(a) post, stick, paint or write or cause to be posted, stuck, painted or written any placard, bill, advertisement or any other matter [Yup, that includes printing out posters and sticking them on the walls and windows of the train carriage]

Section 25. No person shall conduct himself on any train or in any part of the railway premises so as to cause a nuisance or annoyance to other passengers. [i.e. the standard Public Order provision, to be used against protesting in a train]

Section 28G. No person whose dress or clothing is in a condition liable to soil or injure the dress or clothing or personal effects of any other person in or upon a railway premises shall enter or attempt to enter a train or a railway premises unless an official in his absolute discretion grants permission to such a person. [Of course blindfolding yourself in a train is likely to pose a danger to yourself and other passengers]

Plausible deniability?

Supporters of Wham and his collaborators had embarked months ago on a mythologising mission to turn him into a groundbreaking activist whose creativity knows no bounds. The argument goes: Where else in the world could anyone think of protesting by blindfolding themselves and reading a book?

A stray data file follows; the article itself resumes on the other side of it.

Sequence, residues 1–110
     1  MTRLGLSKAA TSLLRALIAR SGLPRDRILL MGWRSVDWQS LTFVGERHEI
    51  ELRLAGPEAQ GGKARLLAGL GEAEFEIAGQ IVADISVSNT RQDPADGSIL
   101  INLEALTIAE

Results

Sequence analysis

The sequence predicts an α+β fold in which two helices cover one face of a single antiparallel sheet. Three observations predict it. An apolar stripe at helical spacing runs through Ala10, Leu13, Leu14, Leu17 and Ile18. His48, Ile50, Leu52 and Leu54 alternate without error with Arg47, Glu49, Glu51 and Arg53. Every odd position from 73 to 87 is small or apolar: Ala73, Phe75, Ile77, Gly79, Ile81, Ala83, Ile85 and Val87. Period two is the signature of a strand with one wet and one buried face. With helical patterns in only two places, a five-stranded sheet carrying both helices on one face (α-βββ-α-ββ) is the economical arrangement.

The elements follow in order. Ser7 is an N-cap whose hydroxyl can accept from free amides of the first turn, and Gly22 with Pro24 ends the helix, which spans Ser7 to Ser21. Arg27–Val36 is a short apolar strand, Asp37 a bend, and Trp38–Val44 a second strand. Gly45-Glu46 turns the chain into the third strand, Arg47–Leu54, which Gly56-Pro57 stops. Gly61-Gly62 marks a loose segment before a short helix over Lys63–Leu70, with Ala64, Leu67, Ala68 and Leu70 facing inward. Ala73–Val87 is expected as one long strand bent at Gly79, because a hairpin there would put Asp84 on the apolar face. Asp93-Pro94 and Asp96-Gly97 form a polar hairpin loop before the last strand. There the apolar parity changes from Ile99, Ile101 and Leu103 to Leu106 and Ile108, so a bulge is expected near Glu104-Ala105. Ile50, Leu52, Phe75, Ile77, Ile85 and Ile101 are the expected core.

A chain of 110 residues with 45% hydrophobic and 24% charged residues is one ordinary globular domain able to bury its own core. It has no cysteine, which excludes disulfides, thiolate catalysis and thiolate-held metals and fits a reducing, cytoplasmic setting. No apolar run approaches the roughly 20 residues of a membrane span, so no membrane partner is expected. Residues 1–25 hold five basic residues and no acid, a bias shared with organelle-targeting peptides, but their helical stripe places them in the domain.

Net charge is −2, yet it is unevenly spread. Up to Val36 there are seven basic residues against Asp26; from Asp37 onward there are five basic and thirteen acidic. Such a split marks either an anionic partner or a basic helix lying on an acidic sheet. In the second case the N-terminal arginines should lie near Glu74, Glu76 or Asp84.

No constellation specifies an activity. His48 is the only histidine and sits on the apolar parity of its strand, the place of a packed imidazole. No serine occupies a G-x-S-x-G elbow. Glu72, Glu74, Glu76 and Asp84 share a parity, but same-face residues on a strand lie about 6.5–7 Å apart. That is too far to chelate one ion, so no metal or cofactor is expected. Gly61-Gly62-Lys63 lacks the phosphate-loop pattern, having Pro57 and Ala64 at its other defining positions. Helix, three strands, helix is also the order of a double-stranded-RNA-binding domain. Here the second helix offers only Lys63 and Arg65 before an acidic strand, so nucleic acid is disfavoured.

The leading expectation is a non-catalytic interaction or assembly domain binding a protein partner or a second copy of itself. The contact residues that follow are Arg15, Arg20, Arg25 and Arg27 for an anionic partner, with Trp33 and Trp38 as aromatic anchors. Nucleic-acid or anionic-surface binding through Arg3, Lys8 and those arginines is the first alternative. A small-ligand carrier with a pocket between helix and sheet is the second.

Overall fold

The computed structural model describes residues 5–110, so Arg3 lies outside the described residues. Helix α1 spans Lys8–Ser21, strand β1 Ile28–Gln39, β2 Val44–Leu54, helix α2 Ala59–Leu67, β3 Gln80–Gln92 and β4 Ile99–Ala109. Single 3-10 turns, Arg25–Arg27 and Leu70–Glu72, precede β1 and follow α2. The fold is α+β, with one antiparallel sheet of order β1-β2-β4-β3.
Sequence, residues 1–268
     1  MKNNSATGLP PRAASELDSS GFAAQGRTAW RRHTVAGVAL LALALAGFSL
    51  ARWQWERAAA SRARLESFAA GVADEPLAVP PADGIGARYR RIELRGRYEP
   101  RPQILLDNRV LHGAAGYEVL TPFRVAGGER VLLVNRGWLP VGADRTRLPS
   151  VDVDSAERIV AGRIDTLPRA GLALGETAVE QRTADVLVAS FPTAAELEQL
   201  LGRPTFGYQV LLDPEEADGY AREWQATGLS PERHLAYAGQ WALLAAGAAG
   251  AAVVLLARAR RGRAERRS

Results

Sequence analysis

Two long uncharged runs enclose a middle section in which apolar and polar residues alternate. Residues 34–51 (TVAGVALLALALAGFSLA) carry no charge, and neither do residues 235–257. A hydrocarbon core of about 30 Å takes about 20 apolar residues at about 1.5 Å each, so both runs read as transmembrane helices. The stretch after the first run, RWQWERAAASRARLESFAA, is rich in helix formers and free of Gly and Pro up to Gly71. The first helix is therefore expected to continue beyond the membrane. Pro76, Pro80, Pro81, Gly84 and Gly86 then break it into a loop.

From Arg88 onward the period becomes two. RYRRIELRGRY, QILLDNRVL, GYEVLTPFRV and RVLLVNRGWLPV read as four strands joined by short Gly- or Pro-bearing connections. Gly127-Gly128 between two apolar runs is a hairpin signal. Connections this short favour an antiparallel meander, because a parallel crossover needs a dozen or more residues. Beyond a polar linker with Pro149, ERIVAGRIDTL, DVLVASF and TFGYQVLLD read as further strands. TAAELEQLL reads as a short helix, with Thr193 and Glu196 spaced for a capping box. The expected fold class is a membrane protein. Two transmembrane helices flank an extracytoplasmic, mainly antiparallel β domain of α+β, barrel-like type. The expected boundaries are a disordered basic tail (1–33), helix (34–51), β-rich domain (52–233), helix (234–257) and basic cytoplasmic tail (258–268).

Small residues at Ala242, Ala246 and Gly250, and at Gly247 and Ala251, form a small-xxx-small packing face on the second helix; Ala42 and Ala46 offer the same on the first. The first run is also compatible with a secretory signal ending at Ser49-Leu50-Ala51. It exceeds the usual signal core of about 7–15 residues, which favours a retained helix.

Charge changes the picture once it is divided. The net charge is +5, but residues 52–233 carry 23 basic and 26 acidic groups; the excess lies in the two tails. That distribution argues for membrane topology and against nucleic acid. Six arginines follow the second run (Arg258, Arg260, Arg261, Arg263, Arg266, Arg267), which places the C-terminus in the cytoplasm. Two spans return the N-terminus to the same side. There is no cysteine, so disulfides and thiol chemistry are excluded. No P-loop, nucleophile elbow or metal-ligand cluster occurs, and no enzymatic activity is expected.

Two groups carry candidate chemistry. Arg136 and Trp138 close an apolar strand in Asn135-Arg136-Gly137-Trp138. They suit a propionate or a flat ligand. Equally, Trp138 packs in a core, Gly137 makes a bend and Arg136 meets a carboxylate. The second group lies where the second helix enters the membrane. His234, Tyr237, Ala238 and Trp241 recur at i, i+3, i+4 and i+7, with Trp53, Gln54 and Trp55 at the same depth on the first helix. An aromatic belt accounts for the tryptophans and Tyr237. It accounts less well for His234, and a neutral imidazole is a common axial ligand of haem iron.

Let's start with the anti-Trump movement and PETA, both groups whose tactics Mr Wham may be well aware of. There is nothing creative about wearing a blindfold as a form of protest. It is depressingly common and unimaginatively figurative.

Even more here

Blindfolded and gagged next to political posters
But let us assume that Wham and his friends are the smartest activists we can find in Singapore. Let's assume this was plausible deniability at work: You may say I broke the law in protesting in a train, but what I did doesn't look like a protest unless you Googled similar photos. You may infer that was a protest, but I'm saying it's just me blindfolding myself while I read a book. In what permutation of this imaginary reality would Wham's friends start posting visual evidence on Facebook admitting that he had indeed carried out a protest?